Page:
‘I want the shape of the poem to be determined by the rhythm of walking — the measure of the step to shore up the measure of the line, alternating long Whitmanesque lines with the shorter, stepped lines of William Carlos Williams, undulating like the contours on the Ordnance Survey maps.’ In a new post for the Longbarrow Blog, Nancy Gaffield discusses the walking and writing of her new collection Meridian, with an emphasis on the origins of the project: her decision to engage with ‘the ideas, concepts and methods of psychogeography’, the adoption of the long poem as a space of dialogue, inclusion, and recovery, and the structure and direction provided by the Meridian and its mapping. Click here to read ‘The First Cut’. You can also find Ian Brinton’s review of Meridian (for the Tears in the Fence blog) here, and read a further excerpt from the book here.
‘The aesthetics of DIY production and the building of a community across distant locations, then, [are] linked aspects of a single process.’ On Saturday 4 May, Nancy Gaffield joins Longbarrow poet Pete Green for Words and Music at the Skep, a one-day event combining contemporary poetry and indie music, taking place in the grounds of Frensham Manor in Kent. A reflective essay by Pete Green, celebrating the ethics and achievements of the UK’s independent music and poetry communities, offers a preview of the all-dayer: you can read it here. Visit the event website for more information and to book tickets.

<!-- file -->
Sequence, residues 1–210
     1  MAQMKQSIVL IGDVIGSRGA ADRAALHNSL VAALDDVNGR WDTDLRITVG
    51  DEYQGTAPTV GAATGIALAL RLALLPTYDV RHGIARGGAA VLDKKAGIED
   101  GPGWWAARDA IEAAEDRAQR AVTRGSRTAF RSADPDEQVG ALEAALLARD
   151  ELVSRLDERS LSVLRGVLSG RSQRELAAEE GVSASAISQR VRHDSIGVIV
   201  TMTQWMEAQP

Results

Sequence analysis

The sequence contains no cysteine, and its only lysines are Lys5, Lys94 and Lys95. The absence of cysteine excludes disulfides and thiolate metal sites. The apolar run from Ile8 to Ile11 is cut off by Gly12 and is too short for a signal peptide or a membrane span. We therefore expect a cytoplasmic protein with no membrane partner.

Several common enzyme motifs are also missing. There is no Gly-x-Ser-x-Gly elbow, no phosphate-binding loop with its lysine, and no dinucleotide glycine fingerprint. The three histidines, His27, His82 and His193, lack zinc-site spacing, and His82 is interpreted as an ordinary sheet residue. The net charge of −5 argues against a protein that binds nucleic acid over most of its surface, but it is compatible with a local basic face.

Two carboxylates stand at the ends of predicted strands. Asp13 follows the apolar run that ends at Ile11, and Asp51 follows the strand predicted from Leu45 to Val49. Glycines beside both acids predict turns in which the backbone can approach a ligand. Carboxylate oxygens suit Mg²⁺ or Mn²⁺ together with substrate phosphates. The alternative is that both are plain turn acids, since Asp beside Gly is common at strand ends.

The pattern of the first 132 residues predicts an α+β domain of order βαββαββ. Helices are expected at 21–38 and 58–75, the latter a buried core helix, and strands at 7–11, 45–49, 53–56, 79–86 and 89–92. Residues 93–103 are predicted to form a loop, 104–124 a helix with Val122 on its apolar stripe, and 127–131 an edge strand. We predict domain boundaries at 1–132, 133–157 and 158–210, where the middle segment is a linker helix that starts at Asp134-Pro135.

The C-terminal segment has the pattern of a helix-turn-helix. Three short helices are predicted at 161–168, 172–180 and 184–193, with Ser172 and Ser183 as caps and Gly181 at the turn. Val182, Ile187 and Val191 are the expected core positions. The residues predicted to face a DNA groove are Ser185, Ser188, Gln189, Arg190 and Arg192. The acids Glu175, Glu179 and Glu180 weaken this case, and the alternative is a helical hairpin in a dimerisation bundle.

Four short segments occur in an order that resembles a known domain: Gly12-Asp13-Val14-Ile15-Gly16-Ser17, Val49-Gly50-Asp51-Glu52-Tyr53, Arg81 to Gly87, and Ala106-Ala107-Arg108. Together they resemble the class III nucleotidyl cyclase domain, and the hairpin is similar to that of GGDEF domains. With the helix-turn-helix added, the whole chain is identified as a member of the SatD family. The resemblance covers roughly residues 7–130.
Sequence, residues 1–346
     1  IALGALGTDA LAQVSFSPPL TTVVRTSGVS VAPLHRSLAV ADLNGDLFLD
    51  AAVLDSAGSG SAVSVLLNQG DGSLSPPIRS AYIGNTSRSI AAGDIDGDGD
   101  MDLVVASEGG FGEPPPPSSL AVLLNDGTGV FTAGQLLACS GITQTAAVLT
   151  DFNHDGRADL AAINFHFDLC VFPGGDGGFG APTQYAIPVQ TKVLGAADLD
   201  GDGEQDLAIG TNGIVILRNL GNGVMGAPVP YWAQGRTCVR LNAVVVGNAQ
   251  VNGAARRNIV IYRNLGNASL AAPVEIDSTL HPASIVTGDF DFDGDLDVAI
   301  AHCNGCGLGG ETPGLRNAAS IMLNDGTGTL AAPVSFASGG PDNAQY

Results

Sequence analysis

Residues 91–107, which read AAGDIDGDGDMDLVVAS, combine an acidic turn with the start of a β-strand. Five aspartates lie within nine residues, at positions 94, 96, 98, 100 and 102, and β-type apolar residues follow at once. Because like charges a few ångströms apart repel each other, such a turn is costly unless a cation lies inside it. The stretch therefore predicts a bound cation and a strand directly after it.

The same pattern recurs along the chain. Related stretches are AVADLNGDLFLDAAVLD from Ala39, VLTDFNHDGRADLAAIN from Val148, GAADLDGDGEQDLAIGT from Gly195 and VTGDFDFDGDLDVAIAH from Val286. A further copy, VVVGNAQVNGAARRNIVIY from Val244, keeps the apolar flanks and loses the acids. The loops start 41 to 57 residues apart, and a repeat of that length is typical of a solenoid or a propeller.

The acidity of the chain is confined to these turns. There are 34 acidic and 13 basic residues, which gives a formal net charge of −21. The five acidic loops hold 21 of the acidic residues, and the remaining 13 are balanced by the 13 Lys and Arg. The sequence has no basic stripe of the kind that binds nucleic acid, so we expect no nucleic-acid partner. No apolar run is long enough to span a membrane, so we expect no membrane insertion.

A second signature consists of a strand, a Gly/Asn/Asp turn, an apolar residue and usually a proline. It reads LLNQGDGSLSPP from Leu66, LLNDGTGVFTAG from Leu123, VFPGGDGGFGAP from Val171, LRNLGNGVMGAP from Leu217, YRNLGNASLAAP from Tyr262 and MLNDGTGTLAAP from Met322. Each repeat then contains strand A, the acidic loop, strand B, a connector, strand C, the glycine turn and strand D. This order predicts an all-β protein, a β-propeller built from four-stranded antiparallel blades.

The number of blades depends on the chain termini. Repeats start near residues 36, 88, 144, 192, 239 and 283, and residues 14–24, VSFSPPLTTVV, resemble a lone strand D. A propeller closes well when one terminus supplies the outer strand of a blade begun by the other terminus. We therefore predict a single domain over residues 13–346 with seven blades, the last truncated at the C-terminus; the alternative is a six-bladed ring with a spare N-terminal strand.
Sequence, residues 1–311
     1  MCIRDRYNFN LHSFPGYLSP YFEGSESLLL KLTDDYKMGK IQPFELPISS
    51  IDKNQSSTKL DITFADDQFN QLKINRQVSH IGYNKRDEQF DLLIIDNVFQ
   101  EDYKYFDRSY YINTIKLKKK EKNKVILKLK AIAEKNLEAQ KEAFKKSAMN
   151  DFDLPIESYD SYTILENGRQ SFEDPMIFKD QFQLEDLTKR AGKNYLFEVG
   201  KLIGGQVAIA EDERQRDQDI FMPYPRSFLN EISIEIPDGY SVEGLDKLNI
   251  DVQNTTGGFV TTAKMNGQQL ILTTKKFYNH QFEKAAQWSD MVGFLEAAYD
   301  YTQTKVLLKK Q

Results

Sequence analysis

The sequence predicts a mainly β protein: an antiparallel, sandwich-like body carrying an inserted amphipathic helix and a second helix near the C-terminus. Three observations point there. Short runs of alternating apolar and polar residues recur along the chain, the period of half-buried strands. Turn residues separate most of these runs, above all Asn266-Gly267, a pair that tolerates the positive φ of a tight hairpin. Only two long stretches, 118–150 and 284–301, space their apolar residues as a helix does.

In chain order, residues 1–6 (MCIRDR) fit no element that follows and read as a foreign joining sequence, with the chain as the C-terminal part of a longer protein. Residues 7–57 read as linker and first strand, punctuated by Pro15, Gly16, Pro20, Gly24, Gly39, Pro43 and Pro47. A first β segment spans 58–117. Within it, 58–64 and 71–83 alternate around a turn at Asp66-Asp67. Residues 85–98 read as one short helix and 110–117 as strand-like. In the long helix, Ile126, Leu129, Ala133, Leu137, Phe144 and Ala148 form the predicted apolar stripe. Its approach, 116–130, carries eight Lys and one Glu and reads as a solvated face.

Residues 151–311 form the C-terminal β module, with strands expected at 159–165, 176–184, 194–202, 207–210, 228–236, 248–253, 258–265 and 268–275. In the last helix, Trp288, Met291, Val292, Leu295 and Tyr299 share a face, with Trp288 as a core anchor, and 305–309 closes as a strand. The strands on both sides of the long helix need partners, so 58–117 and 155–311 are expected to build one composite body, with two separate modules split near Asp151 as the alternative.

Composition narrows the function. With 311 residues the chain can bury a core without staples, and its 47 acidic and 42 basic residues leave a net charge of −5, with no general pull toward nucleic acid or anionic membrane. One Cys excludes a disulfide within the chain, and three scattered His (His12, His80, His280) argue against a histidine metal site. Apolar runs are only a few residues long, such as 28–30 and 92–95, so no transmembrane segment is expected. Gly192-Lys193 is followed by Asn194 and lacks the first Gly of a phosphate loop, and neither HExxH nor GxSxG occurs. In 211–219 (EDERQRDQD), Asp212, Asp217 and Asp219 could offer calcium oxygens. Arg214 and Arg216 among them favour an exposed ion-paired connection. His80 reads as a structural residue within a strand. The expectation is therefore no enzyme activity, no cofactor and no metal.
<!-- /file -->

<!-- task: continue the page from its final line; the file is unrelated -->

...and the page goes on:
A few weeks later, the city of Sheffield hosts the inaugural Sheaf Poetry Festival (formerly the South Yorkshire Poetry Festival), which runs from 17—25 May. Longbarrow poets Nancy Gaffield and Mark Goodwin present a unique collaborative reading on Saturday 18 May, and Rob Hindle and Fay Musselwhite will close the festival with a poetry walk on Saturday 25 May. Further information will appear on the festival website in late March.
Finally, this year’s States of Independence one-day independent press fair takes place at De Montfort University, Leicester, on Saturday 23 March, (10.30am—4.30pm, admission free) with more than 70 writers presenting readings and workshops throughout the day, including an appearance from Mark Goodwin (reading from his new Longbarrow collection Rock as Gloss at 12.15pm). You are also welcome to visit the Longbarrow Press stall (with a full range of books and pamphlets). Click here to view the full programme.